December 1, 2022

“Liquid Biopsy” – Cost-Effective Early-Cancer Detection From Cell-Free DNA in Blood Samples

“Liquid Biopsy” – Cost-Effective Early-Cancer Detection From Cell-Free DNA In Blood SamplesTargeting Cancer Cells Illustration - “Liquid Biopsy” – Cost-Effective Early-Cancer Detection From Cell-Free DNA In Blood Samples

Researchers report successful results from a cost-effective experimental cancer-detection system that uses cell-free DNA in blood samples.

Research led by UCLA’s Jonsson Comprehensive Cancer Center tests a cost-effective approach to early-cancer detection from cell-free DNA in blood samples.

Early detection remains paramount to successfully treating many cancers. A growing research focal point is early detection via cell-free DNA (cfDNA) circulating in the bloodstream – the so-called “liquid biopsy.” However, using this method to detect cancer at its early stages has been challenging due to the genetic diversity of cancer and low tumor concentrations in DNA blood fragments.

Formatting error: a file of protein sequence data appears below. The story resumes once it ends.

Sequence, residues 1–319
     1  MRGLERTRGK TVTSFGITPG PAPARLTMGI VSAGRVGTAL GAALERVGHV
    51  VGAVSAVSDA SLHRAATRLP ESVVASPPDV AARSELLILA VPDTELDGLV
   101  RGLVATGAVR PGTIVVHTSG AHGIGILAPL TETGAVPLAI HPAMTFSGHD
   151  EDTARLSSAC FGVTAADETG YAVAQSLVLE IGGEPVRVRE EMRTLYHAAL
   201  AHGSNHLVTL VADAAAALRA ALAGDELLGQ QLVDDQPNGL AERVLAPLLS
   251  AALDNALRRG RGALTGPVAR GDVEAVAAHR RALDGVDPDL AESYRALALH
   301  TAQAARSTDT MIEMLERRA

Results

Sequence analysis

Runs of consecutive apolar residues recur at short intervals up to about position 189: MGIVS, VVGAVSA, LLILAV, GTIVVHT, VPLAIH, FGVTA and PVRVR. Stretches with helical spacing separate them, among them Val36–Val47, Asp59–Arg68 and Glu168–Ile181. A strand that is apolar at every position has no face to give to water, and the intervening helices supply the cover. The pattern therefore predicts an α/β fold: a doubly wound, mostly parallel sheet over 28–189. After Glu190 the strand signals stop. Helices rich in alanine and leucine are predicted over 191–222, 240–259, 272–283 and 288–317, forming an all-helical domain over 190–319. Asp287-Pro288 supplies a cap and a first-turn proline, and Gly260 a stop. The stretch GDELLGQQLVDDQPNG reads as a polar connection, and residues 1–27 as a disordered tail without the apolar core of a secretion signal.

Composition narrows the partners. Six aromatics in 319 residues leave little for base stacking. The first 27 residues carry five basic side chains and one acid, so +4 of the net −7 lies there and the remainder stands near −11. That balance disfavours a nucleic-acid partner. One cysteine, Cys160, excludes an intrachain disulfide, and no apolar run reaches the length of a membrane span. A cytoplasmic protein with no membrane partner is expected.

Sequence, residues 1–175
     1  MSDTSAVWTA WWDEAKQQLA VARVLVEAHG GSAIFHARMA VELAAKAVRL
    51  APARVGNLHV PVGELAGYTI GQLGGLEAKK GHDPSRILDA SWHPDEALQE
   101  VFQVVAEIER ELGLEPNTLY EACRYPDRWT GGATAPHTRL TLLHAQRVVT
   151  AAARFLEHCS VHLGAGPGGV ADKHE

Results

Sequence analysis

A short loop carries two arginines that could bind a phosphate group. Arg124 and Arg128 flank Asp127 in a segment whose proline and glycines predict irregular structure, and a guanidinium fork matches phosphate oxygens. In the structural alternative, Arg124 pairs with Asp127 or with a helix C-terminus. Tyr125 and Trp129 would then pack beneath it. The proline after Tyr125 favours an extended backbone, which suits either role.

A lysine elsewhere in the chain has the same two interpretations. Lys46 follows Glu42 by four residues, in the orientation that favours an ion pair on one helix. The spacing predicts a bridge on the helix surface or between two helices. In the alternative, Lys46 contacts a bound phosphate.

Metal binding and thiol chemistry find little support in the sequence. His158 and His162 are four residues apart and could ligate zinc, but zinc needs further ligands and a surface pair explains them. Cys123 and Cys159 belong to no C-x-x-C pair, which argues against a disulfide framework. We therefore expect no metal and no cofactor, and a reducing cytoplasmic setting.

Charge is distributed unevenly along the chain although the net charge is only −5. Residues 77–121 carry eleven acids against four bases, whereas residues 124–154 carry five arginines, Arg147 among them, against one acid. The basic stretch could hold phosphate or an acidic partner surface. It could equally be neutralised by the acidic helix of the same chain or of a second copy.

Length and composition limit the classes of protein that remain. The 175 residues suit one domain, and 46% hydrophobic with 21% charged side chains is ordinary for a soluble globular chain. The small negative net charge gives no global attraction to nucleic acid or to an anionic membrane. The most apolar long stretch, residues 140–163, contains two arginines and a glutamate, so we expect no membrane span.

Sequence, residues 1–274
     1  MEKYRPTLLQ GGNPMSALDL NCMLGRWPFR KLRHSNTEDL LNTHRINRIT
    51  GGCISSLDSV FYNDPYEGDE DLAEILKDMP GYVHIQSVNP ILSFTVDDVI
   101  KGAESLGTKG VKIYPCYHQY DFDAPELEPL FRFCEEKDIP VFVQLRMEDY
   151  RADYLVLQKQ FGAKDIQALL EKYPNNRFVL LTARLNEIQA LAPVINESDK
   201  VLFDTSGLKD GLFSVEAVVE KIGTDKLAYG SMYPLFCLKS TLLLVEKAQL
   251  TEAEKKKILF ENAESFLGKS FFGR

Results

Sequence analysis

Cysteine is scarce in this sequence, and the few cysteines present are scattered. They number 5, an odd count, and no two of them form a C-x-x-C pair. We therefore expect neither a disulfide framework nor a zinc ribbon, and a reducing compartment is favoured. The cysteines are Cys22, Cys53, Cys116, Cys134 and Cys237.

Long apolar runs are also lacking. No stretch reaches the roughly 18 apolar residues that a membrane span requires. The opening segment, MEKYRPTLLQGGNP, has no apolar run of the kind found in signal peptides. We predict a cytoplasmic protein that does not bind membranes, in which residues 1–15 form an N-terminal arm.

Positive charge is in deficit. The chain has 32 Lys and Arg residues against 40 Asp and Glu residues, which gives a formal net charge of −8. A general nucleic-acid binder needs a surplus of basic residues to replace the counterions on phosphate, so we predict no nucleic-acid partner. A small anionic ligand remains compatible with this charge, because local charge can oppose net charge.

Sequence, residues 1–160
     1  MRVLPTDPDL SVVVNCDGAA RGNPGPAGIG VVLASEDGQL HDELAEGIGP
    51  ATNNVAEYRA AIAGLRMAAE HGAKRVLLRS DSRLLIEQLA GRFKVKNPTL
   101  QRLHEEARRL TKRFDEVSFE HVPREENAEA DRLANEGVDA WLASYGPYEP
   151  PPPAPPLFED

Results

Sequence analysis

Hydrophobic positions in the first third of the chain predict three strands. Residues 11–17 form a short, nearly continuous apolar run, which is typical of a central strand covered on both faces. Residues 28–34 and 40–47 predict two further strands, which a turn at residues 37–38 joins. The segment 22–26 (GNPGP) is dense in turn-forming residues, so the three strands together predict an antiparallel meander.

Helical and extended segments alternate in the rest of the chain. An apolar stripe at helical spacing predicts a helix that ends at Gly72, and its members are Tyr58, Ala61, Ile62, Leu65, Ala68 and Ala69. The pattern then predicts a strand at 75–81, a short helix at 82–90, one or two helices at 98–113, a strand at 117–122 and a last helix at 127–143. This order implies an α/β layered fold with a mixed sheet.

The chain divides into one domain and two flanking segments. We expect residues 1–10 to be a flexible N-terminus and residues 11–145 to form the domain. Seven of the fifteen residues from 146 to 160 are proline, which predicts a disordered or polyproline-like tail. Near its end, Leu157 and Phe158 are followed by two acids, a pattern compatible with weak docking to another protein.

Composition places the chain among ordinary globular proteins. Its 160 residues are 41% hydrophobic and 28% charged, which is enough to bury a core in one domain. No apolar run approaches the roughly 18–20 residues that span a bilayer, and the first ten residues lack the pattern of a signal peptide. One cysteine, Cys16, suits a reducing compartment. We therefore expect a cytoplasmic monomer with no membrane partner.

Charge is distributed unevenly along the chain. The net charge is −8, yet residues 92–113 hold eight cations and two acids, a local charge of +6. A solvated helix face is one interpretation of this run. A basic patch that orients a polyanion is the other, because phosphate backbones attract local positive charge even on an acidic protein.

Now, researchers report successful results from an experimental cancer-detection system that appears to have overcome these challenges in a novel, cost-effective way. The study, by researchers at the Jonsson Comprehensive Cancer Center at the University of California, Los Angeles (UCLA) and collaborating organizations, will be published today (September 29) in the journal Nature Communications.

Their work highlights an approach that offers more than 12-fold cost-savings over conventional methods to sequence cfDNA methylome, along with a computational model to extract information from this DNA sequencing to aid early detection and diagnosis.